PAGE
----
A demonstration by right-wing extremists that had been set to take place at Prague's old Jewish quarter Josefov Saturday evening, evoking strong protests from local Jewish organisations, has been called off. Several dozen right-wing supporters met on Franz Kafka Square at about five o'clock, but dispersed after a representative from Prague's city hall told the demonstrators the march had been banned and that police at the scene would prevent them from going further. Meanwhile, close to one hundred representatives from the Jewish liberal union, as well as other anti-fascist groups, and local anarchist organisations, met in the historic Jewish quarter, prepared to intervene if the right-wing extremists had marched into the area. In the end there were no incidents, and police did not have to act. Originally, the organisers of the demonstration pretended they meant to honour victims of the Holocaust; afterwards it came to light they had intended to protest against Israel instead.
Regional wings of the Social Democratic Party have begun putting forward the names of candidates who will to try to retain or gain posts in the party's leadership, at the Social Democrat's national convention in March. Current chairman Prime Minister Vladimir Spidla has said he aims to retain his chairmanship at the convention, despite rumours at a recent meeting of the Social Democrat's central executive committee, indicating some members of the Social Democrats would rather see Interior Minister Stanislav Gross or Labour and Social Affairs Minister Zdenek Skromach as party chair. However, neither politician has expressed a desire to challenge Mr Spidla for the post. Among the regions that put forward their nominations for the chairmanship and deputy chairs on Saturday: Moravia-Silesia, South Bohemia, and Zlin. In Moravia-Silesia, delegates have already nominated Vladimir Spidla by a vote of 105 delegates to 11. South Bohemia also followed suit, putting forward the Prime Minister's name.
A railway line near the village of Stribro and the town of Pilsen, in south-west Bohemia, has been closed off for much of Saturday after a transport train derailed on the Pilsen-Cheb route just after 5 am. No one was injured in the accident. Czech Railways spokesman Petr Stahlavsky told the Czech news agency CTK Saturday that the train's engineers had missed a warning signal - leading up to the incident. The engine, pulling several empty transport cars, derailed at a viaduct overlooking a road near the Myslinka district. Most of the wagons fell from a 20 metre embankment, and now need to be removed by clean-up crews. So far there has been no final estimate on the damages; police and railways inspectors have also been at the scene to conduct investigations.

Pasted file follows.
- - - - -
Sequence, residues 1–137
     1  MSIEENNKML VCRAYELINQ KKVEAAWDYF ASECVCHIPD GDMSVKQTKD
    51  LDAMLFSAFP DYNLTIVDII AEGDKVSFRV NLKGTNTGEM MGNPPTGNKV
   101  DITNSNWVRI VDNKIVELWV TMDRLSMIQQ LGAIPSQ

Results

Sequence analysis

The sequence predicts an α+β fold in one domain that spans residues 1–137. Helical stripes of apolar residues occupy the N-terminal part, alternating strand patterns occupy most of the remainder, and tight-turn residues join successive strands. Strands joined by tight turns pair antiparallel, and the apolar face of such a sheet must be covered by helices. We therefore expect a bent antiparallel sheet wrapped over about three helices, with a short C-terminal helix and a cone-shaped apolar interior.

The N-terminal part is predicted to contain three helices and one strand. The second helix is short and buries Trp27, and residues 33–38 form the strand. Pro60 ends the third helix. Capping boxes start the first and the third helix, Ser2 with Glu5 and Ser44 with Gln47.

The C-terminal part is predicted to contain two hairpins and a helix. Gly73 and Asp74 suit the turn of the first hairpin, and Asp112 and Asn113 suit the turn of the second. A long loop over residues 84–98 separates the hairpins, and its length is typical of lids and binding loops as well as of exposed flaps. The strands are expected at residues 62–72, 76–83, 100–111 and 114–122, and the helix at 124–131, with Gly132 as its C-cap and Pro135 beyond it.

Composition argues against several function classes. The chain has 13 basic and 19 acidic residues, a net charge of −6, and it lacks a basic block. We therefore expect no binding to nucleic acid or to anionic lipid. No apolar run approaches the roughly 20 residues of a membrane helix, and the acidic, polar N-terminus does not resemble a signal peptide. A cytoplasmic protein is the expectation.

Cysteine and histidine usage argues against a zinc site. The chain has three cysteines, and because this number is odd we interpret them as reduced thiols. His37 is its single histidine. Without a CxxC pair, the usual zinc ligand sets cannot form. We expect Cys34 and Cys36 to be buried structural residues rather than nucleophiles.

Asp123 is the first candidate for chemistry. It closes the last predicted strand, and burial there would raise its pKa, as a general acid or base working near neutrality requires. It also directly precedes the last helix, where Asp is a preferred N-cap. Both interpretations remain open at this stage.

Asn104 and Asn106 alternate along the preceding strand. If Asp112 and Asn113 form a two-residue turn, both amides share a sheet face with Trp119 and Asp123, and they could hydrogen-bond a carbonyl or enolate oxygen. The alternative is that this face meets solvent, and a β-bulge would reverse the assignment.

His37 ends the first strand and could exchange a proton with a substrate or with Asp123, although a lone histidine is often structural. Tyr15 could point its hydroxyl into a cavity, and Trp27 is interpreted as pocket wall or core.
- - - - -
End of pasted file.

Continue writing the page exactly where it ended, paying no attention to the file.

Rescue workers at the mountain resort Spindleruv Mlyn in northern Bohemia have recovered the body of an 11-year-old girl killed in a skiing accident on Thursday. The victim, a Belarussian on holiday in the Czech Republic's Krkonose mountains suffered a fatal head injury after hitting a tree. Her mother reported the girl missing Thursday evening prompting an eight-hour search using dogs and a helicopter. Rescuers found the girl's body in dense underbrush near the ski slope.
A collision involving a bus and a small truck Saturday morning near Bruntal near the Czech-Polish border has left two people seriously injured. The driver of the bus and the small truck were transferred by helicopter to a hospital in the area. Several others suffered lighter injuries that also had to be checked. The accident took place on a major road leading to a Czech-Polish border crossing; the damaged vehicles were cleared away by 3 pm. So far the cause of the accident is unknown, though weather may have played a part - light snowfall on the road and icy patches.
Sunday will see partly clear skies with a chance of clouding over and snow flurries in the afternoon. Temperatures are expected to reach highs between -7 and -3 degrees Celsius.
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